There are thousands of porn stars, yet Americans focused on Belle Knox because her situation was atypical. Would we have been as intrigued, or in some cases, outraged, were Belle Knox not so young, privileged, and in possession of a future brimming with wholesome potential? She gained our attention because what she was doing disturbed the pre-conceived notions society has deemed to be acceptable behavior.

Just because something is different from the norm does not mean it is bad for us, obviously. But in this case, it can be argued that the reason such sexually explicit displays are guarded (by TV ratings, on 18+ websites, in strip clubs with no windows, etc.), is because human nature instinctively compartmentalizes sexuality and protects it in order to protect ourselves.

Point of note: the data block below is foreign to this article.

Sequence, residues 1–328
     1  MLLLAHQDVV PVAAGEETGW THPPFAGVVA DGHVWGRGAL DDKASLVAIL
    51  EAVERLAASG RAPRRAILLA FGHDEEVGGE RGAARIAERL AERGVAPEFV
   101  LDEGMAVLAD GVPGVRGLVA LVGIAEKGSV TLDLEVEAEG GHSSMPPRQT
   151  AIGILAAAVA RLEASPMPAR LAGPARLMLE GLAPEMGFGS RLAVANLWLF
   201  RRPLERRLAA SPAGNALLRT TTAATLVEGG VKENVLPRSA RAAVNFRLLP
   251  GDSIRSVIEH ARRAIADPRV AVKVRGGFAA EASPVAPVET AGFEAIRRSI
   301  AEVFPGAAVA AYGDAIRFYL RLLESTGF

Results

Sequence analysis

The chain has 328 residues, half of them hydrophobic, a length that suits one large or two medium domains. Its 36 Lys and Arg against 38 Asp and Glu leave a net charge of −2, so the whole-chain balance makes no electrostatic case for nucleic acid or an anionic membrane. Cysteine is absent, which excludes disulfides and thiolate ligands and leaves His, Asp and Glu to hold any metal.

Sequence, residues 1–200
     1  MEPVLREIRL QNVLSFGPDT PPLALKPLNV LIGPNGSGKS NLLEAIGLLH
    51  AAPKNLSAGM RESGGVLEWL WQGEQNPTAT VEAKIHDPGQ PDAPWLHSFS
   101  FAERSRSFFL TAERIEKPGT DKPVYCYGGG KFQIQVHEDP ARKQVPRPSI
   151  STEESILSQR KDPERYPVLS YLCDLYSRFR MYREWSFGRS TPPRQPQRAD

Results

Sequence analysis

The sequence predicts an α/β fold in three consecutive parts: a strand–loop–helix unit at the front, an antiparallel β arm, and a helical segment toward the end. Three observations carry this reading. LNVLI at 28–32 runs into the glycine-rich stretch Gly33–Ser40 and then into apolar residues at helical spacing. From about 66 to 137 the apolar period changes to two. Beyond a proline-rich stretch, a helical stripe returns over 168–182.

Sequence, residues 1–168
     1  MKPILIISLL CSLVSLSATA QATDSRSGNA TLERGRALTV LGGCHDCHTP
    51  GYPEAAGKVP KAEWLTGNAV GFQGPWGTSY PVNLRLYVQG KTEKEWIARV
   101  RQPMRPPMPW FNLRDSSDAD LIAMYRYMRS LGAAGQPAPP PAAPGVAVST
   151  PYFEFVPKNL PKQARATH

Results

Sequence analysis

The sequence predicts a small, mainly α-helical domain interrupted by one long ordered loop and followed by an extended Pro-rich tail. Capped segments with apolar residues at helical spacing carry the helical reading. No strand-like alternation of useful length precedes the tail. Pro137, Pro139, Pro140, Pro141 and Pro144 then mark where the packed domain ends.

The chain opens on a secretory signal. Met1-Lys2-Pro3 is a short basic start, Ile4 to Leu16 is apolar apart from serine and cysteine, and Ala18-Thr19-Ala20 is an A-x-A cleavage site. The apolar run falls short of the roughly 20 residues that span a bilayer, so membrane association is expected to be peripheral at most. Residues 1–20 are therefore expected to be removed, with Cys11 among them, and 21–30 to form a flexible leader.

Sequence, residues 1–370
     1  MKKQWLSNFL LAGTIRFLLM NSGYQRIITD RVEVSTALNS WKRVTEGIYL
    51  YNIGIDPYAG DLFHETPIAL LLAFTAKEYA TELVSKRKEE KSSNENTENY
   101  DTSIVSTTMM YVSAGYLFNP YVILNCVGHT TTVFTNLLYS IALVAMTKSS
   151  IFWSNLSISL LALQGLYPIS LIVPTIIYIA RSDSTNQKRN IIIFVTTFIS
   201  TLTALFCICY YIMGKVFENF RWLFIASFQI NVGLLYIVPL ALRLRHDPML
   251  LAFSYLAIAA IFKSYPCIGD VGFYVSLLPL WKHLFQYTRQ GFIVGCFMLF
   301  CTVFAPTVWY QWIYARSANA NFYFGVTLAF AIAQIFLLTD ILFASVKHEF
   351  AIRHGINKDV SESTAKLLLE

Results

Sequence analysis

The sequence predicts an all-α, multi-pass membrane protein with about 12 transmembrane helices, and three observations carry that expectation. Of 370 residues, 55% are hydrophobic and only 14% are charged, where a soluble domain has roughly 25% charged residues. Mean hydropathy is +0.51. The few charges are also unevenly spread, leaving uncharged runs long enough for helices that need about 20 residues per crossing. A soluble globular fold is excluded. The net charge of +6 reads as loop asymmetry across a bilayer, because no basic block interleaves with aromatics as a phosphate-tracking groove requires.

Such thoughts cross my mind every time I encounter an “Adult World” store on the side of the highway. Sure, an adult understands and can make more well-informed judgments regarding the nature of sex and its consequences than a child can, but are pornography and obscene, “X-rated” materials any better or more appropriate for adults than for young people?

Consider the sale of cigarettes to minors. People under the age of 18 aren’t allowed to purchase tobacco products because they “contain nicotine and are highly addictive,” though they aren’t any more addictive or healthy for minors than adults.

So too with sexual material. The old adage “sex sells!” continues to reaffirm itself in daily life. A study by the Kaiser Family Foundation recently reported that that average American child spends more than 38 hours a week on video games, music, TV, reading and their computers, and noted that “68 percent of the material the children watch contains sexual content, up from 56 percent just two years ago.”